The heavy hitters from McHenry County College were at Crystal Lake city hall Wednesday night to make final pitches for their beloved minor league baseball stadium.
They failed to convince even one member of the Planning and Zoning Commission to join their team.
On a motion make by Jim Batastini not a single one of the commission members voted to approve the proposal to put a baseball stadium on Crystal Lake’s watershed.
Now it is up to the city council, where I am told that a super majority vote will be required for approval.
That means 5 votes, instead of 4.
It is blatantly obvious that Mayor Aaron Shepley favors the baseball stadium.
After all, the idea and the promoters’ names came from his city manager.
MCC attorney Sandy Kerrick kept repeating that the college had been working with city staff for 2½ years.
Strange that the public didn’t learn about the baseball stadium until McHenry County Blog published its first story on March 12th.
The college folks would have kept it secret longer had not that article run, but rushed to get a front page article in the Northwest Herald with a more positive spin the very next day.
Suffice is to say that the college board has been super-secretive in trying to bulldoze this project onto Crystal Lake’s fragile watershed.
Kerrick tried the same tactic she used in her first appearance before the commission:
Play ball or will expand MCC somewhere else.
“The trustees of the college cannot use public money to buy Mr. Gilbert’s land if we (can’t build on it),” she said in her closing comments.
“We have to know from the city what it is willing (to allow).”
There were multiple comments concerning how traffic was out of control in Crystal Lake.
Patrick Engineering’s Jarrod Cebulski did his best to convince the commission that traffic would be better most of the time with the $1.5 million in college-financed traffic improvements.
Maybe the college was just in the wrong place at the wrong time.
Clearly many commissioners thought traffic congestion was a big deal.
Incredible as it seems, Kerrick suggested that folks wanting to get from Algonquin to Woodstock would take Algonquin Road west to Huntley and, then, take Route 47 north, rather than taking the more direct Route 14.
So, it’s off the city council.
Five votes will be needed to pass it.
Three votes to kill the proposal.
I saw two councilmen in the audience last night—Ralph Dawson and Brett Hopkins. Hopkins served on Planning and Zoning before his election this past spring.
Ellen Brady Mueller has attended many of the meetings concerning the watershed.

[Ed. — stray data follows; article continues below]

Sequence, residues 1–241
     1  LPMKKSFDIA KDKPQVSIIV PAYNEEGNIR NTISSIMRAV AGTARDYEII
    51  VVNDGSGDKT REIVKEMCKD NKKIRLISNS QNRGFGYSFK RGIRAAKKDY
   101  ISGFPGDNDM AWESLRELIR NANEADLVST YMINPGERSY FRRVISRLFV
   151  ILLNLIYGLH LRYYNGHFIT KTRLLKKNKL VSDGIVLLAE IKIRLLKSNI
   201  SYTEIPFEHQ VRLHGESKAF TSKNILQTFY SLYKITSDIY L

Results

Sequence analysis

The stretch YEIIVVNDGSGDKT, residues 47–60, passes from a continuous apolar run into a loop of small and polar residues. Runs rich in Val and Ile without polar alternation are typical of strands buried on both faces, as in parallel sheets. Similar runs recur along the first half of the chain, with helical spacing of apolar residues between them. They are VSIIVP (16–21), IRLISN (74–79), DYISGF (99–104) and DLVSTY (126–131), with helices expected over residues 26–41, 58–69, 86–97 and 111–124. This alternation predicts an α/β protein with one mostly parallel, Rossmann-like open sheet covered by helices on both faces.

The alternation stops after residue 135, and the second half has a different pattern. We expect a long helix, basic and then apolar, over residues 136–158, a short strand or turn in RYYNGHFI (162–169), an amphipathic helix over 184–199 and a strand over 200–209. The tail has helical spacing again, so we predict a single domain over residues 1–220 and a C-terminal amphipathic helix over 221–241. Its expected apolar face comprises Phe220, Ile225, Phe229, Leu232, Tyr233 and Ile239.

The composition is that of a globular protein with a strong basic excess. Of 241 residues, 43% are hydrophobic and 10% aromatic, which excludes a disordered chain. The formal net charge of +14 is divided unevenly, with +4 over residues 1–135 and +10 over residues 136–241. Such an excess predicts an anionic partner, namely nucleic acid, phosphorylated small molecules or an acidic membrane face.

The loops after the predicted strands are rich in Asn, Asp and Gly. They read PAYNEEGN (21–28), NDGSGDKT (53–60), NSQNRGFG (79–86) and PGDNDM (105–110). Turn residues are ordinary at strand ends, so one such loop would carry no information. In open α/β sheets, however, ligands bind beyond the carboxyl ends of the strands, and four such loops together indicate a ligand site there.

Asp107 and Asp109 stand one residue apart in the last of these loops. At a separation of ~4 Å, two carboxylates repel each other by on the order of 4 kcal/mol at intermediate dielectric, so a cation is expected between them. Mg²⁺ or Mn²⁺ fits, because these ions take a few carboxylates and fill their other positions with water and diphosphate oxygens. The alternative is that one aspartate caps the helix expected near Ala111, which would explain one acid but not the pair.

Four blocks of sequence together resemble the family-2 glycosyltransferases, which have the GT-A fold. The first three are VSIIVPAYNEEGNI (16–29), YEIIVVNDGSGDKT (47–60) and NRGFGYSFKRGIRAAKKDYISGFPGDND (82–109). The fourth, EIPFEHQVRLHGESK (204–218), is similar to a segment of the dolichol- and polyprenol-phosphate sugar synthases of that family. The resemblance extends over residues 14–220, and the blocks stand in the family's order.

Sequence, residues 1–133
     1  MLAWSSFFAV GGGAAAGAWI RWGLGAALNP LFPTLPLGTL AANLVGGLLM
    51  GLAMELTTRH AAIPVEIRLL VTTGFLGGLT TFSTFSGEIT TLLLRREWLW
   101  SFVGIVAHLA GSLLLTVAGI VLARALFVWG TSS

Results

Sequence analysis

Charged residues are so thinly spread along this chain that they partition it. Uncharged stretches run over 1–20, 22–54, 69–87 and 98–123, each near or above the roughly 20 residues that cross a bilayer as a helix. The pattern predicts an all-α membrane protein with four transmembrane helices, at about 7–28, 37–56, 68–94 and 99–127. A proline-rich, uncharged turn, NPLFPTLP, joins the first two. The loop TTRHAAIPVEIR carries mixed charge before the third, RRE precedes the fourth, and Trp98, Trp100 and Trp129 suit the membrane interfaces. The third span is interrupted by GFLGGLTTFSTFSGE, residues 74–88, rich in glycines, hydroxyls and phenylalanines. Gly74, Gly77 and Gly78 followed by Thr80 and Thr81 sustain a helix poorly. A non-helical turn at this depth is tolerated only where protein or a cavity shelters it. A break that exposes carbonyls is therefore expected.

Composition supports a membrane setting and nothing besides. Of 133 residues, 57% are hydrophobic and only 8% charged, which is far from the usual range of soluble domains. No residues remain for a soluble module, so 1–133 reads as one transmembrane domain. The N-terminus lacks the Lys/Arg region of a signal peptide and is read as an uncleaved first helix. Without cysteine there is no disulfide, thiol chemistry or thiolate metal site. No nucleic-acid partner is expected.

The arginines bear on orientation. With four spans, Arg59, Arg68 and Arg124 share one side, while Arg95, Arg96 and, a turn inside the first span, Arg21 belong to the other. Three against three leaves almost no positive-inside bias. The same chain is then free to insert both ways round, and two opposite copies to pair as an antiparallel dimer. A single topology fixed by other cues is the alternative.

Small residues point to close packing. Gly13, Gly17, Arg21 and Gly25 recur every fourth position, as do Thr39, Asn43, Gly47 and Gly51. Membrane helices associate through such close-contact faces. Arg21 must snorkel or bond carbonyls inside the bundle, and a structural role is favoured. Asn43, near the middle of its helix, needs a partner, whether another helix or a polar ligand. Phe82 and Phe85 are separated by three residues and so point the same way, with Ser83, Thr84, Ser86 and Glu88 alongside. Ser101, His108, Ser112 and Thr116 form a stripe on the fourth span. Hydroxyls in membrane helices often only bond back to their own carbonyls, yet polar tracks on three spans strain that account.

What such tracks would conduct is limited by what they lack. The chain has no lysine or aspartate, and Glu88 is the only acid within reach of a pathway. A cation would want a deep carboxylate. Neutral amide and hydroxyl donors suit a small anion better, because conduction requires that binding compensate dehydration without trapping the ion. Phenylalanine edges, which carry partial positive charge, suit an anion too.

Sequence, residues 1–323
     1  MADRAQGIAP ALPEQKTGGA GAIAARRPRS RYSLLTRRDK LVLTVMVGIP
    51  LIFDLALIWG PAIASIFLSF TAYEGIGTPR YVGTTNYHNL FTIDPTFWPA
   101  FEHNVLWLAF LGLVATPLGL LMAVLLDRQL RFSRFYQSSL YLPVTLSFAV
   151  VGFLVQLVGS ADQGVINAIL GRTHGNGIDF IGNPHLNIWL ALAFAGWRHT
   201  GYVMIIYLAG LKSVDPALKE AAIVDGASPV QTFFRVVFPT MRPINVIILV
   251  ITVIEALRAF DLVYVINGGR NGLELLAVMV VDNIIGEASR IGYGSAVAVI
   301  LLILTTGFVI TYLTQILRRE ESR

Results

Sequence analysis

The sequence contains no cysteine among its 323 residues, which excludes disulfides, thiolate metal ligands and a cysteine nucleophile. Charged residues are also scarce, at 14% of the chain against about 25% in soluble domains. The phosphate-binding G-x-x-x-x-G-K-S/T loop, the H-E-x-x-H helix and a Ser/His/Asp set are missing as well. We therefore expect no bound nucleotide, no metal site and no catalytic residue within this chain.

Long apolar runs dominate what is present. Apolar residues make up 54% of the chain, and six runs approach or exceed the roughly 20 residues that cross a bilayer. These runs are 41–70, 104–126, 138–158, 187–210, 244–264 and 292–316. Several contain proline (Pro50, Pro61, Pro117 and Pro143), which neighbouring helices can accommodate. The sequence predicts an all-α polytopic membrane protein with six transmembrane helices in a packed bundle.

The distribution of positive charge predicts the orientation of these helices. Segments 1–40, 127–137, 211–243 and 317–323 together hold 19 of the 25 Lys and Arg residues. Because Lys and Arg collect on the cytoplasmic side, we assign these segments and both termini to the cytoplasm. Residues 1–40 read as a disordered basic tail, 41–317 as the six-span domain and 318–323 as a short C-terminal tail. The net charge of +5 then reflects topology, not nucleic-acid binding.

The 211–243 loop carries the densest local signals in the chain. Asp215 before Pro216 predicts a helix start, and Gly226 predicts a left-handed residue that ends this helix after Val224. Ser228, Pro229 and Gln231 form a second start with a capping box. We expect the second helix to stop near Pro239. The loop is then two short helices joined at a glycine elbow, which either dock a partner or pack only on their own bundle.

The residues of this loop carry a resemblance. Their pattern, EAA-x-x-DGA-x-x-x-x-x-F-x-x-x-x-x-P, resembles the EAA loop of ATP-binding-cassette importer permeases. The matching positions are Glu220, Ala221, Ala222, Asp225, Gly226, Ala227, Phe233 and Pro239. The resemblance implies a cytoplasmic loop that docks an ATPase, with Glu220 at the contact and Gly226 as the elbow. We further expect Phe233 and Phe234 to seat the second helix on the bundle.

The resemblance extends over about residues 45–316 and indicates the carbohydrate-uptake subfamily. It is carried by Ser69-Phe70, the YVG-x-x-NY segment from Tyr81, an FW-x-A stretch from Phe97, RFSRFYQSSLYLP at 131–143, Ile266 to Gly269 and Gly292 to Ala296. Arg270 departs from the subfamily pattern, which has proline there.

Two members of Planning and Zoning ran for city council last time and lost. They are Jim Batastini, who made the motion to deny the zoning, and engineer Carolyn Schofield. Member Angel Collins ran for the park board.
All were appointed to the commission by Mayor Shepley.
Any or all of the three former candidates could run for city council in 2009.
It is conceivable that incumbent councilmen who might be up for re-election in 2009 would take the possible candidacies of commission members into consideration when deciding whether to be one of the five necessary votes.
The terms of Dave Goss, Jeff Thorsen and Ralph Dawson are up in 2009.
From the support for college expansion expressed by virtually every member of the commission, I’d venture the guess that making the proposal without the baseball stadium would receive a much more favorable response.
After the vote the college folks talked a bit first in the hall, then, caucused in the parking lot. You can see this part of the meeting was completed by 9:20.
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Planning and Zoning Commissioner Jim Batastini is in the top picture. MCC President Walt Packard and college lawyer Sandy Kerrick are seen sitting at the petitioners’ table. Next is commissioner Angel Collins asking a question. Middle right is traffic engineer Jarrod Cebulski. Below left is commissioner Carolyn Schofield.
Twenty-year resident James Jouron, Jeff Greenman, Attorney John Cowlin and Commission Chairman Tom Hayden are in the next photograph. Below to the right is Commissioner Vincent Esposito. To his left is Commissioner Allan Skluzacek.
Below in the hall is EquityOne’s Mark Houser, the construction consultant, conferring with MCC trustee Donna Kurtz. I recognize Packard and MCC trustee George Lowe facing the doors in the hall.
All images may be enlarged by clicking on them.